Despite the concerns raised by big tech companies operating in the city, Hong Kong still insists on pushing through with the proposed changes to its privacy law. The new law on privacy law focuses on publishing people’s personal information maliciously online, also known as doxing.
Consequently, an industry group has raised its concerns with the new law. According to these entities, the law would see the exit of big technology companies from the city in fear of facing liability over user content. In response to their fears, Carrie Lam, a Hong Kong leader, says they would meet these companies to address their grievances.
On June 5th, Asia Internet Coalition (AIC), a Singapore-based company, dispatched a letter to Hong Kong’s Privacy Commissioner for Personal Data. On the letter, which was just made public a few days later, the coalition expressed its concerns with the new law terming it as being too broad. Among the member of this coalition include the world’s big tech companies: Apple, Twitter, Google, and Facebook.
In this letter, the coalition says, “The local staff of overseas platforms in Hong Kong are not responsible for the operations of the platforms; neither do they…have access right or control to administer the online platform contents.”
The letter further states, “The only way to avoid these sanctions for technology companies would be to refrain from investing and offering their services in Hong Kong, thereby depriving Hong Kong businesses and consumers, whilst also creating new barriers to trade.”
The government department, however, responded by saying that the law would only apply to unlawful doxing. Nonetheless, the Asia Internet Coalition speaking to a news broadcaster, said that the letter was specific to any company, and none of its members had any intentions of leaving Hong Kong.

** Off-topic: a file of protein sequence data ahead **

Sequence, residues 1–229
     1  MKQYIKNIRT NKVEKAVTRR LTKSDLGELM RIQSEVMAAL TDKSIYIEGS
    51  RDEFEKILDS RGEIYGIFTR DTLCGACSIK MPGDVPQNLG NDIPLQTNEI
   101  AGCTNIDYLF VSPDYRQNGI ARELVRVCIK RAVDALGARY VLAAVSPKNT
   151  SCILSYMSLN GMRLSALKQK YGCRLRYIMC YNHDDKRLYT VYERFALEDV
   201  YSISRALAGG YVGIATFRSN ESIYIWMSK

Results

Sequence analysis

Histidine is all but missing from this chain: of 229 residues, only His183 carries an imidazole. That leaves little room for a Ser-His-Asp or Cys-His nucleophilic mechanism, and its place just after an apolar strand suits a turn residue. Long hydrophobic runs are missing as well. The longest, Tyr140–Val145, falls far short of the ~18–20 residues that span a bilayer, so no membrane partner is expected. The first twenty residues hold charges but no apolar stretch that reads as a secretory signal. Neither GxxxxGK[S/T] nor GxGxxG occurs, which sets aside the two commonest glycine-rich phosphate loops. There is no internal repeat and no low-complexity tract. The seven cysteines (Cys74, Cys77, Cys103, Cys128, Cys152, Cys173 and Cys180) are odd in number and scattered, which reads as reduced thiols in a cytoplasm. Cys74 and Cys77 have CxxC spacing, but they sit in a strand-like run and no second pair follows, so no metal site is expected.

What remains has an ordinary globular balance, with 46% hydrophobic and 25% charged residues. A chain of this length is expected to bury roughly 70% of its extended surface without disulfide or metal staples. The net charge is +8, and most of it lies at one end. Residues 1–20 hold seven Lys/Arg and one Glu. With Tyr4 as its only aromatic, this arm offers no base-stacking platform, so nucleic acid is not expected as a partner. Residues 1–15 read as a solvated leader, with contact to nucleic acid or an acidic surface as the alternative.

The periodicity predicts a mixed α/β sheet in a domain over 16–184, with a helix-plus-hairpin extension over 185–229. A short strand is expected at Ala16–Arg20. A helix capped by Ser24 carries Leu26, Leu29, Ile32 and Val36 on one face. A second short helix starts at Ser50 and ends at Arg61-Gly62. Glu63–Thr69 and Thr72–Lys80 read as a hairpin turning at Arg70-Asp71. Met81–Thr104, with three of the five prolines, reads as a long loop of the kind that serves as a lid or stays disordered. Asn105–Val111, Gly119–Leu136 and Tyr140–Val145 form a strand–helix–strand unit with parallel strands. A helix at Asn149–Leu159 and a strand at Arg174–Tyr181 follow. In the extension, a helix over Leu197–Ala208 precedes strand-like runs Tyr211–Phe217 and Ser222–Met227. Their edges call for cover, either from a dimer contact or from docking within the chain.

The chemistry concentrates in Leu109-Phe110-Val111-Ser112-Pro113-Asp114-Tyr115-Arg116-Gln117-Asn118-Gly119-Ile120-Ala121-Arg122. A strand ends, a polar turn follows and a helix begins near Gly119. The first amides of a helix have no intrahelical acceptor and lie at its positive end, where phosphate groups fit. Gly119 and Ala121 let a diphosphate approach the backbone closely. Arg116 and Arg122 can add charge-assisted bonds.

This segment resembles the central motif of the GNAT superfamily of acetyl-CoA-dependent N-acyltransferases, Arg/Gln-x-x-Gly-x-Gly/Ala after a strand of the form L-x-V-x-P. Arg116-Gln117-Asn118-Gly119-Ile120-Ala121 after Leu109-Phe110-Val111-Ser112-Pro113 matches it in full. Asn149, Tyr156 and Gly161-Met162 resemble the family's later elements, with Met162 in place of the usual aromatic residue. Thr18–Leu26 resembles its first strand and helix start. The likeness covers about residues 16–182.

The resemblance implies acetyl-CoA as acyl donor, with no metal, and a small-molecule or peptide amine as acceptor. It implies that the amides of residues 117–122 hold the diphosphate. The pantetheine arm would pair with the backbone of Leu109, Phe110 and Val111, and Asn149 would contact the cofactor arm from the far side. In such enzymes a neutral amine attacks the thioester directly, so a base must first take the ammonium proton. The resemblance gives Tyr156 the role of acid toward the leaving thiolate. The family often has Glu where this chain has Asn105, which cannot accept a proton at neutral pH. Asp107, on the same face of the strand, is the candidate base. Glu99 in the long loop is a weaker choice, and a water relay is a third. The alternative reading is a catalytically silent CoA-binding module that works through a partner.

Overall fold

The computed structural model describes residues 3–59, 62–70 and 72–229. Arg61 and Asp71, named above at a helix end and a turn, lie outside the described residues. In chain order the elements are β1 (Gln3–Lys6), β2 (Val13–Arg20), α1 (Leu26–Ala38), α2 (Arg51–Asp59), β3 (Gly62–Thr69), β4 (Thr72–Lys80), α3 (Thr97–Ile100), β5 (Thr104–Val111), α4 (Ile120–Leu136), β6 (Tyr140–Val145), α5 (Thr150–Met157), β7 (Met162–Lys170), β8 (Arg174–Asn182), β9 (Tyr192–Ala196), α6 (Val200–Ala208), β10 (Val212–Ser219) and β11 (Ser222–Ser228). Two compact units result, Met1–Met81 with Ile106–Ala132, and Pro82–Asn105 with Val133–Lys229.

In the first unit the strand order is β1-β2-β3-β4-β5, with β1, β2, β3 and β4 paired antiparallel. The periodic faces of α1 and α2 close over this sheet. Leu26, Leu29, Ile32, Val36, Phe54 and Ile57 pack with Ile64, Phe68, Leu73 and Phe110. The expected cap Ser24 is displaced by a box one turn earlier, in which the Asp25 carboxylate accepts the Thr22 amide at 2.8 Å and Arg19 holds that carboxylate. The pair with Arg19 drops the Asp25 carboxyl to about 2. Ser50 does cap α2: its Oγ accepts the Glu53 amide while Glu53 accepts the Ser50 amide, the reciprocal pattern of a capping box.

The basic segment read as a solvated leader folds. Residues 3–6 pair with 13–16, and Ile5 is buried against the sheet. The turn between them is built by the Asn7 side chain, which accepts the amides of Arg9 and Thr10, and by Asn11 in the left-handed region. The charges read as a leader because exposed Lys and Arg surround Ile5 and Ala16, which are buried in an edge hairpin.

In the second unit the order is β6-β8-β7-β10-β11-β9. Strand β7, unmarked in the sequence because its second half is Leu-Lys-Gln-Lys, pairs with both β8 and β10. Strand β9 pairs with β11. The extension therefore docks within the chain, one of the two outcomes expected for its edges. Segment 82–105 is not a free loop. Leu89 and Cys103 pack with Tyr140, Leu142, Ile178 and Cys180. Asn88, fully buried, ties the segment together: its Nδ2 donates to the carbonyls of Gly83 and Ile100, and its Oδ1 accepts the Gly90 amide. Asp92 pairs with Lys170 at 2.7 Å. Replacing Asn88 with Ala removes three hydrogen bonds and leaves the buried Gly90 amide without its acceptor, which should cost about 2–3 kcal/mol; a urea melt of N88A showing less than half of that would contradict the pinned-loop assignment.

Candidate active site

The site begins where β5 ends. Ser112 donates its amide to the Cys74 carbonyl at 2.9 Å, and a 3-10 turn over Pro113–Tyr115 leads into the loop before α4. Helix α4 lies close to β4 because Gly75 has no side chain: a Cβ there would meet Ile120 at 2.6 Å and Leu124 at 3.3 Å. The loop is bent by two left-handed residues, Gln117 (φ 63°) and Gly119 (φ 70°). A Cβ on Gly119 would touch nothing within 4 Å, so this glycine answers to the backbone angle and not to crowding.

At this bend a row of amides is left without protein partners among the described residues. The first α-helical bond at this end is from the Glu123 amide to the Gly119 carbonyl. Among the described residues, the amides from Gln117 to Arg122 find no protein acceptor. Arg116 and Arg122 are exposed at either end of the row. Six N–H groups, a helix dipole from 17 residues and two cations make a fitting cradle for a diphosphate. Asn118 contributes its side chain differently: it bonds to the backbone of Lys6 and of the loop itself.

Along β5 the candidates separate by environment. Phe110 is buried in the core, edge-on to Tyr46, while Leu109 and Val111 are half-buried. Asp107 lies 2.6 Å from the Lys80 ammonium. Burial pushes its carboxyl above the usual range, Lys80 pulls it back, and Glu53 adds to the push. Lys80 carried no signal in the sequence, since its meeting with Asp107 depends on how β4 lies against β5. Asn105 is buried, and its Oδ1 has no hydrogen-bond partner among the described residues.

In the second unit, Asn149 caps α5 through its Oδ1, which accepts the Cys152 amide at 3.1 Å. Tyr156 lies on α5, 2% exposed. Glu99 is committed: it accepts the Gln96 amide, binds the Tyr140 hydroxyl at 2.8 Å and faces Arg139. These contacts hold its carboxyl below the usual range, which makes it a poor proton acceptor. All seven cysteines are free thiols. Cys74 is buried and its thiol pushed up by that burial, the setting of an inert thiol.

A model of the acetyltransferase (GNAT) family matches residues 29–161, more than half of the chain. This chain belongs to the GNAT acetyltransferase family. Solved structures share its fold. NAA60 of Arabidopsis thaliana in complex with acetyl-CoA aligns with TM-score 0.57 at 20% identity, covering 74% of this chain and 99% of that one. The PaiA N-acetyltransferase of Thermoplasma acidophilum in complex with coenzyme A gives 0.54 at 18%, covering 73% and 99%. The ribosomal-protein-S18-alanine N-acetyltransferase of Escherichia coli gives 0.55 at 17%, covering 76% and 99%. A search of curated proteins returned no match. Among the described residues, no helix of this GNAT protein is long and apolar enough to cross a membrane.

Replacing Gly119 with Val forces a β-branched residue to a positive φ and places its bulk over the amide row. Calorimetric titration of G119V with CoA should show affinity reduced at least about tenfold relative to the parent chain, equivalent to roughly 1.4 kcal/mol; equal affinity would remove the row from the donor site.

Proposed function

The Hong Kong Chief executive has dismissed any concerns. Speaking to reporters at a weekly briefing, Ms Lam said, “We are targeting illegal doxing and empowering the privacy commissioners to investigate and carry out operations, that’s it.” The leader also affirmed the government’s intention to pursue the new policy
The new privacy law proposed changes
May this year, the government gave a heads up on their plans to change their privacy laws. These changes came about following the pro-democracy protests in 2019, whereby doxing was rampantly used.
In this case, officers involved in the online crackdown of the protests were named. These also included police officers and court officials working on legal cases involving the prosecution of activists, journalists and protestors.
The new privacy law bans doxing and equips government authorities with power over personal information on websites and social media. As a result, legal entities would force companies to pull down specific personal information from their platforms.
This comes days after Apple Daily one of Hong Kong’s most extensive pro-democracy paper, announces its closure. Despite being in the first world, the city continues to face battles of freedom with recurrent protests over the government regulations. For instance, the National security law introduced last year raised many controversies from the pro-democracy activists. These activists feel that the government infringes on the freedoms its citizens and returns the state back 20 years to British rule. However, China still believes it is on the right track of independence and freedom.